Tag Archives: Holy See

Vatican gives guidelines on sex abuse allegations

The Holy See has put in one spot on their webpage the numerous documents concerning the abuse of minors, and the Church’s response. Check it out. The documentation given here is crucial in understanding how the Church thinks and acts pastorally in view of sexual abuse of minors.

Of note is the “Guide to Understanding Basic CDF Procedures concerning Sexual Abuse Allegations.” The Congregation for the Doctrine of the Faith has listed for the average reader the basic nuts and bolts of how an allegation is handled today.

Vatican Information Service’s blog

The Vatican Information Service has initiated its own blog. VIS has a daily bulletin of news and the blog format makes it easier to see what’s happening at the Church’s center. See the VIS blog here.

The blog joins other media initiatives like the YouTube channel, The Vatican and Twitter.

Acta Sanctae Sedis, Acta Apostolicae Sedis & Acts and Documents from WWII online

The Holy See has put the “official documents” online. The three acta noted below contain the principal decrees, encyclicals, decisions of the Vatican offices and other notices of ecclesiastical appointments and interests. Church laws contained in the Acta are considered promulgated when published in these organs of communication and official three months from the date of publication unless otherwise mentioned. The Vatican’s website is not part of the official documentary services of the Holy See; it is a method of communication. So, access to this information online is an incredible gift:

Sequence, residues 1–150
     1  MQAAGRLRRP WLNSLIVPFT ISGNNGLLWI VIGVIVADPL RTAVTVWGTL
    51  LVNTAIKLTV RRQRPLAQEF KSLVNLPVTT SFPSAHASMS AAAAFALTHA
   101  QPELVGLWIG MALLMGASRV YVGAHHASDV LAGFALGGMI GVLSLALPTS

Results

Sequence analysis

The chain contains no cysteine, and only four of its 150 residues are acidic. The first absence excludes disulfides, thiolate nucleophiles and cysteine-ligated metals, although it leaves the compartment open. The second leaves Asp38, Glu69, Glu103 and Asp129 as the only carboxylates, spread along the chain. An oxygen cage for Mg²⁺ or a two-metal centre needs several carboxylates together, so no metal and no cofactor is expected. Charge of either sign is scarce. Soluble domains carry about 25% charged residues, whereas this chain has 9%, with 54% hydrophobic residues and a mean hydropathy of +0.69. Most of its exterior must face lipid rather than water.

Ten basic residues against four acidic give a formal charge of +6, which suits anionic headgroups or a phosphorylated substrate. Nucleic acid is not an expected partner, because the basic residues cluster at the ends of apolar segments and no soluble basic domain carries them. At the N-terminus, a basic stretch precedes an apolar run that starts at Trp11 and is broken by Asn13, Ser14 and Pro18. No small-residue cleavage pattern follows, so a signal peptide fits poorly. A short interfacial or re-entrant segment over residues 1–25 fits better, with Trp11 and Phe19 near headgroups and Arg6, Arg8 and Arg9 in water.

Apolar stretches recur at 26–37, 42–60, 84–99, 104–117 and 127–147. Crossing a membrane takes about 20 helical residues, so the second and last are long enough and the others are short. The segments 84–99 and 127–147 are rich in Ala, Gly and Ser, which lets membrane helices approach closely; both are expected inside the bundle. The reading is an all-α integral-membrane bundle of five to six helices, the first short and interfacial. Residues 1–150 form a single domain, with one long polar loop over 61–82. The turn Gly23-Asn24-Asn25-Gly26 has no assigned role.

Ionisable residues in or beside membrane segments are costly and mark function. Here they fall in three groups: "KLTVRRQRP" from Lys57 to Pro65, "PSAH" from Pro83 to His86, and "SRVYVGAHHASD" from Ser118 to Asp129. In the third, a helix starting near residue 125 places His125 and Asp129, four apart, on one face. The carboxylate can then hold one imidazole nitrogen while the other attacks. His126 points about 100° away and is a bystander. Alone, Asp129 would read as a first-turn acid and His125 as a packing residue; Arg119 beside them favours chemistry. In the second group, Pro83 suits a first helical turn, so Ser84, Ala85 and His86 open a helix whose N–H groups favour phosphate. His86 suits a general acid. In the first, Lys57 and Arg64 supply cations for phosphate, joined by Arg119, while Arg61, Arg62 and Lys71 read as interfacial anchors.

Acta Sanctae Sedis (1865-1908)

Legion of Christ soon to change

Sandro Magister, a favorite journalist of matters Catholic, published a startling story today, “The Legion Awaits a New General. And Trembles.” In a few a words he reviews the moral and theological decay in the Legion of Christ. Magister gives an anatomy of the current situation and gives a likely cure to the illness the Legion is living with these days. Magister confirms my suspicions that some Legionary priests still refuse to accept that the founder, Father Maciel lived a second life, that the Congregation is flawed and it has dragged its feet in making the radical changes the Holy Father has asked for. From what I can gather there needs to be a total revolution in the Legion if it’s going to survive.

I continue to pray for the men who found their call to serve the Lord and the Church in the Legion of Christ. I think it’s possible to separate out the duplicity of the founder from the good the Legion has done but the possibility rests on the honesty of the Legion to face reality as it is and not what they think it should be. My advice: simply state that Father Maciel founded the Legion of Christ and move on and sever all ties with Maciel and his cronies. Or, disband the congregation and start anew. Many lives hang in the balance and we have to show our solidarity in this time of need.